// This dsPIC30F4011 example program flashes an LED on RD0
// Written by Ted Burke - 9-2-2012

#include <p30f4011.h>

// Configuration settings
_FOSC(CSW_FSCM_OFF & FRC_PLL16); // Fosc=16x7.5MHz, Fcy=30MHz
_FWDT(WDT_OFF);                  // Watchdog timer off
_FBORPOR(MCLR_DIS);              // Disable reset pin

int main()
	// Configure all four port D pins (RD0, RD1, RD2, RD3)
	// as digital outputs
	LATD = 0;
	TRISD = 0b1111111111110000;

	// Flash LEDs on RD0 and RD1 at 1Hz for 4 seconds
		_LATD0 = 0;
		_LATD0 = 1;

	return 0;

Further Reading

This entry was posted in Uncategorized and tagged , , , , , , , , , , . Bookmark the permalink.

8 Responses to Tutorial: Getting started with PIC18F / dsPIC30F

  1. Mo says:

    Hi dear friend
    I have gone through your tutorial for dspic30f4011 and I have found it very useful and well organised notes.

    At the moment I am working on my final year project and I have generated two PWM with the same duty ratio that I can control those pulses by a potentiometer. I just need to make a phase shift of 180 degrees between them.
    Phase shift is very important and crucial for my project and I dont know how to make 180degrees shift between them.

    Can you please help me to do that.
    I appreciate in advance for your help buddy


  2. Liam says:

    Great quick reference but the colours on the Vdd/Vss to AVdd/AVss links in the dsPIC diagram would benefit from being the other way around.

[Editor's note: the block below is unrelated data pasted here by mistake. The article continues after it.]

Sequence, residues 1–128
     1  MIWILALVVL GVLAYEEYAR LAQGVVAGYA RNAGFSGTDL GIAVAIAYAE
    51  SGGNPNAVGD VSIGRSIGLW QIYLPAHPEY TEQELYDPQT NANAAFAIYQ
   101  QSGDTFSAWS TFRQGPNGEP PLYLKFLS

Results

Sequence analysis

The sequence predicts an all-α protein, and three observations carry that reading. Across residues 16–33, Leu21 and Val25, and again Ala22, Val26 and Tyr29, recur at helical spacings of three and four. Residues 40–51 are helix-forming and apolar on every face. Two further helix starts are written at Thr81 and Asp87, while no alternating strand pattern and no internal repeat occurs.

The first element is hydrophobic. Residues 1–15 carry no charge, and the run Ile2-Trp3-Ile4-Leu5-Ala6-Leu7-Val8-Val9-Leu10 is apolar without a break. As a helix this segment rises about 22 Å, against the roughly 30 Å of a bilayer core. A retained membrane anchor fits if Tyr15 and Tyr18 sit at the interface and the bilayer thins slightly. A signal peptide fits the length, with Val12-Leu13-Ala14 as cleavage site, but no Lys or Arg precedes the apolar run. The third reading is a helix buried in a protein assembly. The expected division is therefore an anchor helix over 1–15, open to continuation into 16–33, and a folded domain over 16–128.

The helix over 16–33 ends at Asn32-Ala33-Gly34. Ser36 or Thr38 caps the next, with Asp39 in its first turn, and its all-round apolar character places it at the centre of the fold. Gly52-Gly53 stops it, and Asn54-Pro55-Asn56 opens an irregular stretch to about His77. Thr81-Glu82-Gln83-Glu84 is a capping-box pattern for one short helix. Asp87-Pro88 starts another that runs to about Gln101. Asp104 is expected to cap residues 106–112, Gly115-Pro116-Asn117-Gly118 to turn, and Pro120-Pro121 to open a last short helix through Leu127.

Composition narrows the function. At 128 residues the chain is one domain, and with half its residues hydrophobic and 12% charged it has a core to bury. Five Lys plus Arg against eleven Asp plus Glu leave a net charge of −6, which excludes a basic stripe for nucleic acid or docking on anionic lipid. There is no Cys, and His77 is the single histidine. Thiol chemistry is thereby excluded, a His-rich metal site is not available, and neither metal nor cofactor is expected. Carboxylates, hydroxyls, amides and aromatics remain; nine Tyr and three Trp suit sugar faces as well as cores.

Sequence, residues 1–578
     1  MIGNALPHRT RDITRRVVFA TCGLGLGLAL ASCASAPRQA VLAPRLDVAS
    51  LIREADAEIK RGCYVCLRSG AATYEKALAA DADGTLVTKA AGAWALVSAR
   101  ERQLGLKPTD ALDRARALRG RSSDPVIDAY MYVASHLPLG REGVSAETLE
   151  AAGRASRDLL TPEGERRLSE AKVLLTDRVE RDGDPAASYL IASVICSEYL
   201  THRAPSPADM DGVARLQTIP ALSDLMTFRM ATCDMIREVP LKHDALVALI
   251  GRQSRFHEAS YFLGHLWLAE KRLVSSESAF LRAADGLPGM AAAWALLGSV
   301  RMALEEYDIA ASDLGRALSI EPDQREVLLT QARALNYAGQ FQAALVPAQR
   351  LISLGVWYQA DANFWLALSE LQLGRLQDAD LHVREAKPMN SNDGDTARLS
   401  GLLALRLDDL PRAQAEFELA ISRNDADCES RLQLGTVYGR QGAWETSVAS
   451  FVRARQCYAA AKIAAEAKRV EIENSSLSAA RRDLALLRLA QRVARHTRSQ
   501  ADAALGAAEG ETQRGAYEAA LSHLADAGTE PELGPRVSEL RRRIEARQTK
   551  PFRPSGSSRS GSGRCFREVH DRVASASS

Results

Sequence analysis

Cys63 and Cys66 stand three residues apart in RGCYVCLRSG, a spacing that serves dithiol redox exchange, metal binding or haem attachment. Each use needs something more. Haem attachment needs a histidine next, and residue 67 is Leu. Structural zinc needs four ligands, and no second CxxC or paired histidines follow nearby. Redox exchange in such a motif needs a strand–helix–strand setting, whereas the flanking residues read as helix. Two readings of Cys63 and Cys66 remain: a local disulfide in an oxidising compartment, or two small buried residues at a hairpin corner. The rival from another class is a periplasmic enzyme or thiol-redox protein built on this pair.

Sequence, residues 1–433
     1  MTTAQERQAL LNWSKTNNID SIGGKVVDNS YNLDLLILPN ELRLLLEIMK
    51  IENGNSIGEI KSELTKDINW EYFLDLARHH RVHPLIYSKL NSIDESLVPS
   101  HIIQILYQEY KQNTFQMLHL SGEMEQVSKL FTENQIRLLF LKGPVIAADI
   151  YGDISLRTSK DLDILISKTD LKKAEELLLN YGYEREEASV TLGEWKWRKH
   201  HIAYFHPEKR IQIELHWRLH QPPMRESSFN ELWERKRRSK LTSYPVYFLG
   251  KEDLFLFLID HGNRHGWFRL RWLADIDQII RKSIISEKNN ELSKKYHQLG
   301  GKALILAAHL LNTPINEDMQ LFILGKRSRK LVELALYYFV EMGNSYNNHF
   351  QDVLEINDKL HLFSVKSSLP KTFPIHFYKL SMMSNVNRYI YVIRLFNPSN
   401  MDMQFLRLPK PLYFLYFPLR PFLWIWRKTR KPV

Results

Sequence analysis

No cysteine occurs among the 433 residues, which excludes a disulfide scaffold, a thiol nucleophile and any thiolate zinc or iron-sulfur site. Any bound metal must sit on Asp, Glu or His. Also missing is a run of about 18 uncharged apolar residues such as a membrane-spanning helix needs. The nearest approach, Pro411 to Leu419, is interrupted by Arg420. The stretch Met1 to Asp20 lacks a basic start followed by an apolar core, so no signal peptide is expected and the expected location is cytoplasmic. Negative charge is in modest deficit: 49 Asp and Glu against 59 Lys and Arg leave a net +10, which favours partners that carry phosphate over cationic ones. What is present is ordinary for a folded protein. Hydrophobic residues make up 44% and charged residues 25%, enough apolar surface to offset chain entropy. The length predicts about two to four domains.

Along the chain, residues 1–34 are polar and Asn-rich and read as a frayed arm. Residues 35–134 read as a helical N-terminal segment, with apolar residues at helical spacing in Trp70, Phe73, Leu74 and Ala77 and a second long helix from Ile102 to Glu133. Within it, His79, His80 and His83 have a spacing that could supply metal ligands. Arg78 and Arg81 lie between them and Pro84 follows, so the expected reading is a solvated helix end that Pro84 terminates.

3. Bell says:

    hey can you post the contents of the header file for dspic30f??? plz… it’ll be a life saver…

    • batchloaf says:

      Hi William,

      I can’t publish the header file here because the copyright is presumably reserved by Microchip. However, if you have installed the Microchip C compiler for the dsPIC family of microcontrollers, you should already have all the header files you need. I’m using Microchip’s XC16 compiler, so on my laptop the file is at the following location:

      D:\Program Files\Microchip\xc16\v1.00\support\dsPIC30F\h

      Actually, if you’re using XC16 (or MPLABX), then you only need to include the header file “xc.h” and the correct header file for your chip (i.e. “p30f4011.h” in this case) will be pulled in automatically.

      If you have the older C30 version of Microchips C compiler for dsPIC, then the header file is probably located in the following folder (adjust path for your installation obviously):

      C:\Program Files\Microchip\MPLAB C30\support\dsPIC30F\h

      Both XC16 and C30 can be downloaded free of charge from microchip.com.

      I hope that helps!


  4. agniteja says:

    Hey……thnks…for the turotrial.. I really managed to bring my own picmicro up and running. Pl. post.. more..and helps us to get better.

    Thanks a ton

  5. Pradeeshkumar says:

    Thanku all good program

Leave a Reply

Fill in your details below or click an icon to log in:

WordPress.com Logo

You are commenting using your WordPress.com account. Log Out /  Change )

Google photo

You are commenting using your Google account. Log Out /  Change )

Twitter picture

You are commenting using your Twitter account. Log Out /  Change )

Facebook photo

You are commenting using your Facebook account. Log Out /  Change )

Connecting to %s